Joanna: It is! Right? It’s a couple of mortgage payments. It meant that I didn’t have to worry about going and rushing to find some job that I didn’t even want, that I was now basically self-funded, that if I lived modestly, I was self-funded to build out Copyhackers into whatever that might be, for at least five months, if I just kept living modestly, and if my partner didn’t quit his job. Right? I could just be self-employed. So that was this aha moment of having people pay you for the thing that you thought was really not worth that much at all. Because it seemed to me, it seemed like, “Well, everybody knows how to write copy.”
JLD: Well, Joanna, let me break in here, because that is the definition of the curse of knowledge. And Fire Nation, we all carry this around. We have skills. We have passions. We have skills that are co-mingled with our passions. And guess what? We just assume that other people think that that’s just normal, or that they know that too, or that they just intrinsically have gained that knowledge some how, some way. Uh-hum. That’s just not how it works Fire Nation. Joanna had this massive curse of knowledge, and she just assumed wrong. And, hey, you know what they say about assuming. It makes an ass out of you and me. Never assume. Joanna, what’s the big take away you wanna make sure Fire Nation gets from this story?
Joanna: That you should listen to the reactions of those people that you were so scared of in the first place. Listen – when the world tells you you’re doing something right, listen to it, and just go with it. Don’t get in your own way. Just take that from me. I took that $20,000 in three days, and I said, “Okay, world. I’m gonna do this, and hopefully you stick with me on it.” And so far they have.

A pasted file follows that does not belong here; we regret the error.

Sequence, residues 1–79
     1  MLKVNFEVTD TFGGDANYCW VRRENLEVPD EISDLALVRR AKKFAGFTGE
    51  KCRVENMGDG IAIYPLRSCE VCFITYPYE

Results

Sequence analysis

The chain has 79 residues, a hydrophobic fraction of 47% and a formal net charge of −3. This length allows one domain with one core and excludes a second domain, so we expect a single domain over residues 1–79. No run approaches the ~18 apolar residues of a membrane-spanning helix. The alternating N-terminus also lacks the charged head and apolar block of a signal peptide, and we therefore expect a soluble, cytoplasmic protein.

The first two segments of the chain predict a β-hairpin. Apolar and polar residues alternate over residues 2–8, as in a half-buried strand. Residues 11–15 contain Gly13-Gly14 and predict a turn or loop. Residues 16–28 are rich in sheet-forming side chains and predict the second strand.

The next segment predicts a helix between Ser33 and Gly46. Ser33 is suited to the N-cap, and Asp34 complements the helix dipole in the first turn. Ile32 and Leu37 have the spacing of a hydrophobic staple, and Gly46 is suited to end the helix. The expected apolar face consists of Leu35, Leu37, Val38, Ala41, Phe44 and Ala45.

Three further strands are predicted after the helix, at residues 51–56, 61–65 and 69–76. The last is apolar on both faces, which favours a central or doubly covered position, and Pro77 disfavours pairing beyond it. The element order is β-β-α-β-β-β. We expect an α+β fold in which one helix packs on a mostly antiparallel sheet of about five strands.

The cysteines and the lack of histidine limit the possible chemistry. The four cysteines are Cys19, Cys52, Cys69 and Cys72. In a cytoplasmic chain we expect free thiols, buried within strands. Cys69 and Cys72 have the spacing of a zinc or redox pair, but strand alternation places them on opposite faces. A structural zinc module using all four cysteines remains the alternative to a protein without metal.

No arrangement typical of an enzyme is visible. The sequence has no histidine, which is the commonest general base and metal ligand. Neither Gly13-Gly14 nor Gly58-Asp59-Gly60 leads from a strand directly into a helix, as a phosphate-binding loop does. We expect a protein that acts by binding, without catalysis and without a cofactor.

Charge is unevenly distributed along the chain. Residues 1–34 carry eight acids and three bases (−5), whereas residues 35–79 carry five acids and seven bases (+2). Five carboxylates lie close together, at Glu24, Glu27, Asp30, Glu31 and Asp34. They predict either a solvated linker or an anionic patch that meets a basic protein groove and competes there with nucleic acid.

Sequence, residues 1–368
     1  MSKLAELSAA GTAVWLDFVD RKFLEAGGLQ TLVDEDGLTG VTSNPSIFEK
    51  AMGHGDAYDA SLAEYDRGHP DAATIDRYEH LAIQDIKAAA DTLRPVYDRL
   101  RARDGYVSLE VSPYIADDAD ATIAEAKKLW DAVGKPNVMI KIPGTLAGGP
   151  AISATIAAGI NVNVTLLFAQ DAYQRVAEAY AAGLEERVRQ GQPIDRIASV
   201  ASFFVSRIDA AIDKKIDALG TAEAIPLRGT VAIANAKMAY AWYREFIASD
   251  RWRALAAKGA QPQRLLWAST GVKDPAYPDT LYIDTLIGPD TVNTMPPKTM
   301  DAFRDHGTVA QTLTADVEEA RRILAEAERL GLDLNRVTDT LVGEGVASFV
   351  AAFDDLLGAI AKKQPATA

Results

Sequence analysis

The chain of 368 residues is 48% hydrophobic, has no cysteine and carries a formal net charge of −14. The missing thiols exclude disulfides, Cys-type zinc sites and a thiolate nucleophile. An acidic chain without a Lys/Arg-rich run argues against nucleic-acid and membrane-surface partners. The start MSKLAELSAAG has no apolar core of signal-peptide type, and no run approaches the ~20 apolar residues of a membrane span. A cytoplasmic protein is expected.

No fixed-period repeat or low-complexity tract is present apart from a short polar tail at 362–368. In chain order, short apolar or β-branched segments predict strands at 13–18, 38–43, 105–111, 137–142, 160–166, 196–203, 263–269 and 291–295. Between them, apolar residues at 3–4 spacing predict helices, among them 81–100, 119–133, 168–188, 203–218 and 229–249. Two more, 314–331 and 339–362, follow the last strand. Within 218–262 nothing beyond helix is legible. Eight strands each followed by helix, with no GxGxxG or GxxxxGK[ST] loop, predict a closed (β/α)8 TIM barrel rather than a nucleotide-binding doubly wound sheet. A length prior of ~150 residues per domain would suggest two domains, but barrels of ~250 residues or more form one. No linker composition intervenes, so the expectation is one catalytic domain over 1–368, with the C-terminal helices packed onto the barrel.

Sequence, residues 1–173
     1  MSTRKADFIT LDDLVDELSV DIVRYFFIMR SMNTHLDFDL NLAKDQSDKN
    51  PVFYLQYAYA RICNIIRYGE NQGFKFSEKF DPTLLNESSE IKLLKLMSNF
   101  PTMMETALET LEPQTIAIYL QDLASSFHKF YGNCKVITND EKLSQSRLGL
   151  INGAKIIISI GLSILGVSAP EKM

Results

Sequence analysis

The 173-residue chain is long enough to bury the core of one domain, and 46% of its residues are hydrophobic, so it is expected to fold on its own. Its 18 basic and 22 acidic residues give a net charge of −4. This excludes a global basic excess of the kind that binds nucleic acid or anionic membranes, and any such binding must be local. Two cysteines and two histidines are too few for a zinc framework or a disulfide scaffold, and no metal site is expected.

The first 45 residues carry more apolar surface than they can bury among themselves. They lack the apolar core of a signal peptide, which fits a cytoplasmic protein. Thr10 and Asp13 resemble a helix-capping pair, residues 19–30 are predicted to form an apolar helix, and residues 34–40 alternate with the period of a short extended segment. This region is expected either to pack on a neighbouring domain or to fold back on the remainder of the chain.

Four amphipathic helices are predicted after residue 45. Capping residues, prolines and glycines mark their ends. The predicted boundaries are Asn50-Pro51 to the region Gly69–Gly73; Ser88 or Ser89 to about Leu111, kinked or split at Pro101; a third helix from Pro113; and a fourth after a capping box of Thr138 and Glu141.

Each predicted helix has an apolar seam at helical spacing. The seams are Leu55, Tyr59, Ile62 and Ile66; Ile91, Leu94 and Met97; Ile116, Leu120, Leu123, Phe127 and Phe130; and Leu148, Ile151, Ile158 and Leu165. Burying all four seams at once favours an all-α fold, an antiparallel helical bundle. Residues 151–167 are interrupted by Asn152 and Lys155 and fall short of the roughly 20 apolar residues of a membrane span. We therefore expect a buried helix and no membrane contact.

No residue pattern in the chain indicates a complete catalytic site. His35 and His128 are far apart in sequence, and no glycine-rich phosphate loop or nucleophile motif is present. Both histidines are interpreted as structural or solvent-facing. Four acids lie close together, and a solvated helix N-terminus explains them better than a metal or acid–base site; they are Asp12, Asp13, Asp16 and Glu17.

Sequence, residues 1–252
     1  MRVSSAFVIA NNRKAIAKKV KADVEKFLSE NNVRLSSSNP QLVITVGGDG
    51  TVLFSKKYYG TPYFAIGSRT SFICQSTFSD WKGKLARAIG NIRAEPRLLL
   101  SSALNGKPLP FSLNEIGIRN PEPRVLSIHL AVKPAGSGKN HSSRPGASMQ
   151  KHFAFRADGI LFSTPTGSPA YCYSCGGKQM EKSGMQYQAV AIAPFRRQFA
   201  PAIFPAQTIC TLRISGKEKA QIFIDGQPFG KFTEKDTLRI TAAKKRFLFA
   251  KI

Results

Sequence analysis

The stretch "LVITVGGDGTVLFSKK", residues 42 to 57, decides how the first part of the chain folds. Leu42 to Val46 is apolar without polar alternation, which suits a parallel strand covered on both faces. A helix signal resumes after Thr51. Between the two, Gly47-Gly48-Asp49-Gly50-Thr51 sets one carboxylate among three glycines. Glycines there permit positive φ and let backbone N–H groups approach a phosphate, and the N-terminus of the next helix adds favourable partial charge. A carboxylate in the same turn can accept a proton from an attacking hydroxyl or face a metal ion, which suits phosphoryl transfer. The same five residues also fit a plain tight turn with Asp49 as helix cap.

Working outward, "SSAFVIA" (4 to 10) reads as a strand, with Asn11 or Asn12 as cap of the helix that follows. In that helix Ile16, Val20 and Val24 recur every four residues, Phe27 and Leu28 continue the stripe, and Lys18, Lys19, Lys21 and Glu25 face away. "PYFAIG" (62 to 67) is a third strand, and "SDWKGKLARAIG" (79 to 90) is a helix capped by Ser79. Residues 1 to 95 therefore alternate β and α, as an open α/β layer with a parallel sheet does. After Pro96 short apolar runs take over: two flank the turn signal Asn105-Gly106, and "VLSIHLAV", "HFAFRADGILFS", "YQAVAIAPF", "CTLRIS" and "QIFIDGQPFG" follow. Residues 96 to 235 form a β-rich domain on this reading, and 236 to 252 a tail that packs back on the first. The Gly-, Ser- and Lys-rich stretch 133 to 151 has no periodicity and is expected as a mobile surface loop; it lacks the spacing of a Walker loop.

JLD: Joanna, what is your biggest weakness as an entrepreneur?
Joanna: Failing to set extraordinarily high goals, I would say. I actually depend on Lance, my partner, to set those really high goals. I don’t like to be disappointed, and I don’t like to disappoint others or myself, so I tend to set realistic, attainable goals. And we’ve only grown when Lance has swooped in and said, “No, no. That’s not the goal. This is the goal.” And then we have that to go for. But that’s been my biggest weakness is fear of setting goals that might be too big.
JLD: Yeah, I mean Joanna, you’re talking to the guy that set a $25,000 goal for the Freedom Journal that did that in 33 hours, and then ended up doing $453,000 in the 33 day campaign. So it’s not just you, it’s not just you Joanna, it’s not just you Fire Nation, it’s me, it’s a lot of people. We just set these goals because, hey, it’s, “Oh, we can celebrate if we hit these little tiny goals, but oh no, we’re big failures if we don’t hit this really big goal.” It’s really the opposite. You need to shoot for the moon, because if you miss, you’ll land amongst the stars. It’s corny as all get up, but it’s so true.